I read a business type of book for 30-60 minutes during the week and will aim to finish it off on a Sunday morning. Because that way I can make notes on the book and put a plan together so I can put into action what I have learnt to implement it into my own businesses.

Final thoughts

I work around 60 hours per week, not as a badge of honour but because I really love what I do and growing this business and my new business Gleeson Digital Academy is so rewarding, which can only be achieved by putting the work in.

I might have to go down to a 4 day week in January 2021 when I start a Master’s Degree in Digital Marketing as that will take up around 15-20 hours per week. But by then I will have a project manager to ease my workload so I should be able to juggle everything.

These tips work for me and it took me a while to get to this stage where I feel that I am much more effective working from home rather than in a traditional office. So give a few of these a try and experiment as I am sure that you will find a few things that work for you.

If you don’t take a more systematic approach to your whole work-life balance you will be thinking to yourself “am I living at work or working from home?”

– Gary

Gary Gleeson

Gary is a website design & marketing strategist. He holds a 2019 BSc Degree in Digital Technology & Design (Distinction).

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Why You Need a Good Content Marketing Strategy

Why You Need a Good Content Marketing Strategy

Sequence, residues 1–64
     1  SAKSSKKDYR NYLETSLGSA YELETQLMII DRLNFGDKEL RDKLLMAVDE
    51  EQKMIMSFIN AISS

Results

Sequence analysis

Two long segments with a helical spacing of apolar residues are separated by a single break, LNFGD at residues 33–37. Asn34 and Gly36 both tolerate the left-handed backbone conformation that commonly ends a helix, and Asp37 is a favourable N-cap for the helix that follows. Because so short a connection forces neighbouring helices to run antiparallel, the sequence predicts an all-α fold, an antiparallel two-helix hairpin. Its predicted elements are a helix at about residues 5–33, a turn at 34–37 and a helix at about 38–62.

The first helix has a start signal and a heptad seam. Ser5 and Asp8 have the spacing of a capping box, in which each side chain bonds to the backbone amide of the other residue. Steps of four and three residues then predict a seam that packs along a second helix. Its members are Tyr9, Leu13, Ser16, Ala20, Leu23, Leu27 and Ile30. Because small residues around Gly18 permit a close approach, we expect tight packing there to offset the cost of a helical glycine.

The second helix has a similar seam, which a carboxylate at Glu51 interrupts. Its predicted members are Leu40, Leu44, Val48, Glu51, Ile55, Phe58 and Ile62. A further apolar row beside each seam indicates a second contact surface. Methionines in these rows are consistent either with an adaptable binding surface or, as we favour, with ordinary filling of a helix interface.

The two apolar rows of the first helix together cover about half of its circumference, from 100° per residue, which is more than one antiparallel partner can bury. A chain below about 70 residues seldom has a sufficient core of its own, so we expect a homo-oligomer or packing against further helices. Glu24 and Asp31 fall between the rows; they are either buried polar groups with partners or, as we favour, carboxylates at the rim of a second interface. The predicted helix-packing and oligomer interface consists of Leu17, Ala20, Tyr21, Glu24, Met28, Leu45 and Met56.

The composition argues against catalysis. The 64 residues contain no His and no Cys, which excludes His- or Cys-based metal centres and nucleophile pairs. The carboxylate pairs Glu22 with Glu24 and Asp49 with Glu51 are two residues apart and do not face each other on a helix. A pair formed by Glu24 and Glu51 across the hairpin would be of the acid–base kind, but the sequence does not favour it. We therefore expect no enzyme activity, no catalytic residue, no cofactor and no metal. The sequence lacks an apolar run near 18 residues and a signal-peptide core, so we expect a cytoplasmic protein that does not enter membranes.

Content marketing involves the creation and sharing of online material such as videos, blog posts and social media posts, to entertain, educate or inspire your target audience. It does not explicitly promote or advertise your brand but it is intended to stimulate interest in your products or services.

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If you want to win in today’s digital world, your success is going to rely on quality content that meets user intent. With every Google algorithm update, Google has stressed the importance of relevant content and improving content quality is the number 1 piece of advice.

To establish what relevant content means to your brand, you’ll need to know who your audience is and what queries they are typing into search engines. Based on the gaps in your existing content and that of your competitors you’ll need to develop content campaigns that are specifically designed to achieve your marketing goals.

Content marketing is a very measurable discipline that is essential in making your online presence generate the right results for your business.

What is the Difference Between Content Marketing & Sales Copy?